I am seriously looking at this machine, but it is a year or two away. I have SolidWorks on my computer, and I have to go though the learning curve to know that program. Once I am confident that I can create things :D in SolidWorks, I'll lease this machine or its "Big Brother" the Fortus 900, and start into the brave new world of 3-D Rapid Prototyping. At over $450,000.00 for the Fortus 900 without the 'Bells and Whistles' it would be a HUGE purchase I would probably not be able to handle, but leasing one would be affordable and profitable, assuming I had clients who needed things printed using the vast array of materials available.

http://www.fortus.com/Products/Fortus-400mc.aspx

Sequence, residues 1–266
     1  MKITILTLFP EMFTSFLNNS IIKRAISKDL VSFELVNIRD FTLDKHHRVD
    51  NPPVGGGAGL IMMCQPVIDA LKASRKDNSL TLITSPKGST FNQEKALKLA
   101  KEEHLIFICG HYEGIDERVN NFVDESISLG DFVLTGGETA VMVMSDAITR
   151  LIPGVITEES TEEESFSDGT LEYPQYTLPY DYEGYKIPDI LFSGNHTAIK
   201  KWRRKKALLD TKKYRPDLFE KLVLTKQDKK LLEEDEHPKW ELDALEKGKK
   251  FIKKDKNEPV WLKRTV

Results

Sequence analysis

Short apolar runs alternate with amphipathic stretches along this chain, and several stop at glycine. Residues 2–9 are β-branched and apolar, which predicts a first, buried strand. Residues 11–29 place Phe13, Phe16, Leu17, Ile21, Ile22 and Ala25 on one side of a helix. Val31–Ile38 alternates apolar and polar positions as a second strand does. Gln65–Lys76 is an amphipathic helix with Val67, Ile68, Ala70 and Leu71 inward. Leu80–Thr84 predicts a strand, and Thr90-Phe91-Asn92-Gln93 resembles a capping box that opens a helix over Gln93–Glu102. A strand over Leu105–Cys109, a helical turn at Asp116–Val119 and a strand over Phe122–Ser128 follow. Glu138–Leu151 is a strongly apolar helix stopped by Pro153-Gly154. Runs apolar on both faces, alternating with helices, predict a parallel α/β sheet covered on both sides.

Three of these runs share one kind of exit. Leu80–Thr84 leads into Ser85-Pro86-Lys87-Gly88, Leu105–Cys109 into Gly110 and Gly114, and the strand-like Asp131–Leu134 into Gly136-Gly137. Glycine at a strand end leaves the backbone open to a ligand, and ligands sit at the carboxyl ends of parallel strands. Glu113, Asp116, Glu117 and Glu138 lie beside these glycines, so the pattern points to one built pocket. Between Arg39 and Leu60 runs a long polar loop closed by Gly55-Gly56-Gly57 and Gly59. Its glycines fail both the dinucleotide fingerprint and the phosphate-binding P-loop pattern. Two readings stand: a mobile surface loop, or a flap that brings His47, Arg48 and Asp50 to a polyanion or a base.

http://www.fortus.com/Products/Fortus-900mc.aspx

DonFerrando
11-19-2012, 5:53 PM
Which will work until 3D printers become more ubiquitous.

It will work as much as banning fertilizer and gasoline...

CitaDeL
11-19-2012, 6:36 PM
Here's a possible outcome to a legislative response to the 'untracable' gun build story.

lLApVGIU8eQ

These people do not have licensing, regulation, or even high tech tools like a CNC milling machine. So, in effect, a California ban on manufacturing guns out of a block of metal would do nothing in preventing proliferation as the process would go underground as it is in the Philipines. Every garage would be a possible 'illegal' gun factory.

diginit
11-19-2012, 6:55 PM
In my view, a move for a "CALI-BAN" on 80 percent receivers would be a "STUPID" move on our opponents side and even though we would take a "hit", the cost to them would be substantial and in the long game, would have unintended consequences for them.


The word stupid is the clincher. What stupidity has even slowed the antis from bans yet? This is California. Where marrying pets will be legal soon. But your german sheperd won't be allowed to carry teeth.